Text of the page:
CIA aids weapons flow to Syria rebels
WASHINGTON — A small number of CIA officers are operating secretly in southern Turkey, helping allies decide which Syrian opposition fighters across the border will receive arms to fight the Syrian government, US officials and Arab intelligence officers said.
The weapons, including automatic rifles, rocket-propelled grenades, ammunition, and some antitank weapons, are being funneled mostly across the Turkish border by way of a shadowy network of intermediaries including Syria’s Muslim Brotherhood and paid for by Turkey, Saudi Arabia, and Qatar, the officials said.
The CIA officers have been in southern Turkey for several weeks, in part to help keep weapons out of the hands of fighters allied with Al Qaeda or other terrorist groups, one senior US official said. The Obama administration has said it is not providing arms to the rebels, but it has also acknowledged that Syria’s neighbors would do so.
The clandestine intelligence-gathering effort is the most detailed known instance of the limited US support for the military campaign against the Syrian government. It is also part of Washington’s attempt to increase pressure on President Bashar Assad of Syria, who has escalated his government’s deadly crackdown on civilians and the militias battling his rule.
With Russia blocking more aggressive steps against the Assad government, the United States and its allies have instead turned to diplomacy and aiding allied efforts to arm the rebels seeking to force Assad from power.
By helping to select among rebel groups, US intelligence operatives in Turkey hope to learn more about a growing, changing opposition network inside of Syria and to establish new ties.
“CIA officers are there and they are trying to make new sources and recruit people,’’ said one Arab intelligence official who is briefed regularly by US counterparts.
US officials and retired CIA personnel said the administration was weighing additional assistance to rebels, such as providing satellite imagery and other detailed intelligence on Syrian troop locations and movements. The administration is also considering whether to help the opposition set up a rudimentary intelligence service. But no decisions have been made on those measures or even more aggressive steps, like sending CIA officers into Syria itself, they said.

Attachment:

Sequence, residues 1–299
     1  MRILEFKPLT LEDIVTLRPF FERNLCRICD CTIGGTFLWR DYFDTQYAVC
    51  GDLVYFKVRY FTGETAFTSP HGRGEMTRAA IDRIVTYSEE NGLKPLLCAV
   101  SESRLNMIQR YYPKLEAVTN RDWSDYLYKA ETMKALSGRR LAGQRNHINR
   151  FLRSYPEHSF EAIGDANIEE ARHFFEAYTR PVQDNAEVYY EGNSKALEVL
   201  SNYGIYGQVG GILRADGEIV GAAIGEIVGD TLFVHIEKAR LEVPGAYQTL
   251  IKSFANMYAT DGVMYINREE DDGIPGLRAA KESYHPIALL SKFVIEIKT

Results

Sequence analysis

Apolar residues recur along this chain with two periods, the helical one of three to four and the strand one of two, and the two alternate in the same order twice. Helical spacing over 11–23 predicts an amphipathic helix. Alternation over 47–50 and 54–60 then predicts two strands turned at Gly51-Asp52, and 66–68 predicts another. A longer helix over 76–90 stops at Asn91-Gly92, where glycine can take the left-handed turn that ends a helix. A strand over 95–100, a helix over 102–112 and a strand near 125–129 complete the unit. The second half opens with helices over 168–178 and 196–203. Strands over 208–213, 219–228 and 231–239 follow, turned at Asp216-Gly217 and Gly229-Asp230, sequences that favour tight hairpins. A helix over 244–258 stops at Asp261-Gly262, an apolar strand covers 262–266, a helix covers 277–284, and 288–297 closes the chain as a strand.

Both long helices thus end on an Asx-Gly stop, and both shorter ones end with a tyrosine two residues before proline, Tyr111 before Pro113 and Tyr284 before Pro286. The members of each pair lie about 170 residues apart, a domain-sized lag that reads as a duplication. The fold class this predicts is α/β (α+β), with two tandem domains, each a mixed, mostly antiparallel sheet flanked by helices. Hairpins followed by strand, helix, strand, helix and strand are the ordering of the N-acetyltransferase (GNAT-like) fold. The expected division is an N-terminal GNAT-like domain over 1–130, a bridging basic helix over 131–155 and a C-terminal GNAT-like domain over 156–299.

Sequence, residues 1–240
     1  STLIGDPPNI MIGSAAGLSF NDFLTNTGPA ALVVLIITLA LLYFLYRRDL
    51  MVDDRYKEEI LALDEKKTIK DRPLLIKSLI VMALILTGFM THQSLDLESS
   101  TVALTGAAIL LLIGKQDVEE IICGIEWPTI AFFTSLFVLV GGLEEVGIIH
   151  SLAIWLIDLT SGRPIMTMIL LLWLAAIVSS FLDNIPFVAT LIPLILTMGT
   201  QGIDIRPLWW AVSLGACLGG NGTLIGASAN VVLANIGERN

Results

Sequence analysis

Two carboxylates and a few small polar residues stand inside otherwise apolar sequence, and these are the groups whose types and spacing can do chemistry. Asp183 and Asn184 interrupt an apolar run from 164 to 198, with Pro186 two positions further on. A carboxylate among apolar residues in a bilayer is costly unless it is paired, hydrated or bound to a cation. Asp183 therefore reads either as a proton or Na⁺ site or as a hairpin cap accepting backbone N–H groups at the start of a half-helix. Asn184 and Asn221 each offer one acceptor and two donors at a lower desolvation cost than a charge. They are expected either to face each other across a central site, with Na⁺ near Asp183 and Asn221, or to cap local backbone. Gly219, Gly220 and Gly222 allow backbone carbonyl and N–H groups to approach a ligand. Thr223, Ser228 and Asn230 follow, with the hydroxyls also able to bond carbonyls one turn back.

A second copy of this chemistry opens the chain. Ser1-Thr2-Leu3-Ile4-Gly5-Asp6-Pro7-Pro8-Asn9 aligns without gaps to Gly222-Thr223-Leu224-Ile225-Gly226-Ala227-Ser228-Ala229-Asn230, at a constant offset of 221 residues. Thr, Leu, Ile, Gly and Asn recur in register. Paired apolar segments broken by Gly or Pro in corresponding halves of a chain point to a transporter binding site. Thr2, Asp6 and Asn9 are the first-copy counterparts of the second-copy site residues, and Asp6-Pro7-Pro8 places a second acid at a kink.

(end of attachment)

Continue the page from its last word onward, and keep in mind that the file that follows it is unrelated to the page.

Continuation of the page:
The struggle inside Syria has the potential to intensify significantly in coming months as powerful new weapons are flowing to both the Syrian government and opposition fighters. President Obama and his top aides are seeking to pressure Russia to curb arms shipments like attack helicopters to Syria, its main ally in the Middle East.
‘‘We'd like to see arms sales to the Assad regime come to an end, because we believe they've demonstrated that they will only use their military against their own civilian population,’’ Benjamin J. Rhodes, deputy national security adviser for strategic communications, said after Obama and his Russian counterpart, Vladimir V. Putin, met in Mexico on Monday.
Spokesmen for the White House, State Department, and CIA would not comment on any intelligence operations supporting the Syrian rebels, some details of which were reported last week by The Wall Street Journal.
Until now, the public face of the administration’s Syria policy has largely been diplomacy and humanitarian aid.
The State Department said Wednesday that Secretary of State Hillary Rodham Clinton will meet with her Russian counterpart, Sergey V. Lavrov, on the sidelines of a meeting of Asia-Pacific foreign ministers in St. Petersburg next Thursday. The private talks will probably focus, at least in part, on the crisis in Syria.